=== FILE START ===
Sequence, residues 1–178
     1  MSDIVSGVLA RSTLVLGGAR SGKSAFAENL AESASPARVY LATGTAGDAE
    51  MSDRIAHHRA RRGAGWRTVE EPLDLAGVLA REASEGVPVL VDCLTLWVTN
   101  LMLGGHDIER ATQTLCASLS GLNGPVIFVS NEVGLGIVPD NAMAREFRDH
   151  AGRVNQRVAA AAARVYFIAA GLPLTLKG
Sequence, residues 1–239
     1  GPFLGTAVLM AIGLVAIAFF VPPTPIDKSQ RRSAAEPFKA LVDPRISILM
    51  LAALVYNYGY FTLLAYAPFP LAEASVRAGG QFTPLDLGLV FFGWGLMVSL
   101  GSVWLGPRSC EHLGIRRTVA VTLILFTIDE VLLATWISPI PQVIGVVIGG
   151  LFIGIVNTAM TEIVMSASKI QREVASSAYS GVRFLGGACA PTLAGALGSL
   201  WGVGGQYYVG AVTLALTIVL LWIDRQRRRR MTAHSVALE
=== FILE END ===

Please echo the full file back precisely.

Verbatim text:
Sequence, residues 1–178
     1  MSDIVSGVLA RSTLVLGGAR SGKSAFAENL AESASPARVY LATGTAGDAE
    51  MSDRIAHHRA RRGAGWRTVE EPLDLAGVLA REASEGVPVL VDCLTLWVTN
   101  LMLGGHDIER ATQTLCASLS GLNGPVIFVS NEVGLGIVPD NAMAREFRDH
   151  AGRVNQRVAA AAARVYFIAA GLPLTLKG
Sequence, residues 1–239
     1  GPFLGTAVLM AIGLVAIAFF VPPTPIDKSQ RRSAAEPFKA LVDPRISILM
    51  LAALVYNYGY FTLLAYAPFP LAEASVRAGG QFTPLDLGLV FFGWGLMVSL
   101  GSVWLGPRSC EHLGIRRTVA VTLILFTIDE VLLATWISPI PQVIGVVIGG
   151  LFIGIVNTAM TEIVMSASKI QREVASSAYS GVRFLGGACA PTLAGALGSL
   201  WGVGGQYYVG AVTLALTIVL LWIDRQRRRR MTAHSVALE